The owner pulls your records.  He sees that he has ordered your tires in the past and that the installed cost for the set of four tires is $540.00. It will require a three day order time, which comes in the shop’s regular shipment and requires no additional cost. Since you planned ahead, this doesn’t inhibit your trip, since you are not scheduled to leave until next week. You place the order, the tires come in, you drop off your car at the shop and because you are a regular customer, they drop you off and pick you up from work. Absolutely no additional hassle or time on your behalf. So, that $540 divided by 4. Your proactive cost per tire $135.00. (In terms of actual dollars spent - by being proactive, you actually spent $50 less and got 3 additional tires!)

In terms of just replacing the one tire, being reactive cost you an additional $455.00 plus a lost day of your trip. This does not include the mental anguish you suffered – being stranded in an unfamiliar area, spending monies not planned or budgeted, missing out on certain activities planned, etc. All of these things may have removed a lot of enjoyment that you were anticipating on your trip.

Now consider your building, house, clubhouse, etc. A professional can review certain items that need to be addressed before they become costly. For example, a typical paint job on the exterior of a building has a useful life of 4 to 8 years. Again, this estimation is based upon several items and can be easily identified.  The loss of paint coverage can result in water entry and wood rot. These items can become very costly to repair but can be avoided if you repaint before the failure of the original base coat of paint. This means preplanning and prebudgeting your expenses.  Another negative of allowing paint to fail (and subsequent wood rot) is the potential for mold growth within the walls of your building. This mold growth could lead to thousands of dollars in expenses to remove the mold - not to mention the potential impact to your life and safety due to mold spore inhalation.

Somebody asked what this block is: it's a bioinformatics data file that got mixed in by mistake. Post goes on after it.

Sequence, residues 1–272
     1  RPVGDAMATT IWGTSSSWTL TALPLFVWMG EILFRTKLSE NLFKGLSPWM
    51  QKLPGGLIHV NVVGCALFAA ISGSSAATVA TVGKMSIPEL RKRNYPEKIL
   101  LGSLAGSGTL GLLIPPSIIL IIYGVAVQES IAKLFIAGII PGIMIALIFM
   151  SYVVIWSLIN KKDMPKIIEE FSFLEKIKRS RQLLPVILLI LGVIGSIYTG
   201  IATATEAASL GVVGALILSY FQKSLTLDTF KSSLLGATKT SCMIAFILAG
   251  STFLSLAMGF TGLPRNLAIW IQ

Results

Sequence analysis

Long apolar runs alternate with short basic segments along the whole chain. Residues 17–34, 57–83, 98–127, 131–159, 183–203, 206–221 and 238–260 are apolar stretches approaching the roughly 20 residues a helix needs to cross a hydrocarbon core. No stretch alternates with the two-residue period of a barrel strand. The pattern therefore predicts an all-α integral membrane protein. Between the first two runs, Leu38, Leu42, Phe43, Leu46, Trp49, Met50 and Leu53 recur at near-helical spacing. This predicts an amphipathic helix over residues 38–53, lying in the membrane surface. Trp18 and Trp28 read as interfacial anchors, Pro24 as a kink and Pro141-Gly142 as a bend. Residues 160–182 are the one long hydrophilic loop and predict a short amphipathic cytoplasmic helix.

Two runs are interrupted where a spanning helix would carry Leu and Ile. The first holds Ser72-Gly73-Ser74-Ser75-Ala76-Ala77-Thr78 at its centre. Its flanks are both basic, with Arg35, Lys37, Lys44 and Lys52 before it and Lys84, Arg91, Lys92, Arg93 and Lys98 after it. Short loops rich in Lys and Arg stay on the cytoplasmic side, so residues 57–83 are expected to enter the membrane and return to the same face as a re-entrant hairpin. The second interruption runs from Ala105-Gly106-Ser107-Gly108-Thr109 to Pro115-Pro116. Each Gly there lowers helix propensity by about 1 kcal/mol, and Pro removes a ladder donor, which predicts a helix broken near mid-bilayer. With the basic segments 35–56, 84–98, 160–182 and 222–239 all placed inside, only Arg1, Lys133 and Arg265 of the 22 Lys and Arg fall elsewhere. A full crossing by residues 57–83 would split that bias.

This same process applies to your roof, sewer systems, lighting, gates, roadways, gutters and drainage systems, just to mention a few.

One way to be proactive is to have a Reserve Study completed by a reputable engineering firm. This process will show you the anticipated life each item, the future replacement or repair costs (based upon normal inflation) and help you allocate the appropriate funds to make the repairs required when needed.  This may mean you actually have $150,000 allocated and in the bank for that new roof before it actually begins to leak.
So now ask yourself:  Are you as a Board of Directors going to be proactive and preplan to maintain your community’s property or are you going to be reactive and pay a premium for work when the work HAS to be done and you are in a bind?
We, at Access Management Group, promote being proactive. Not only does it save you money in the long run, it shows your community that their money is being spent wisely. We can assist you in every aspect of the process and will refer you to tried and true contractors that are fully insured and capable.  Let us help you help yourself.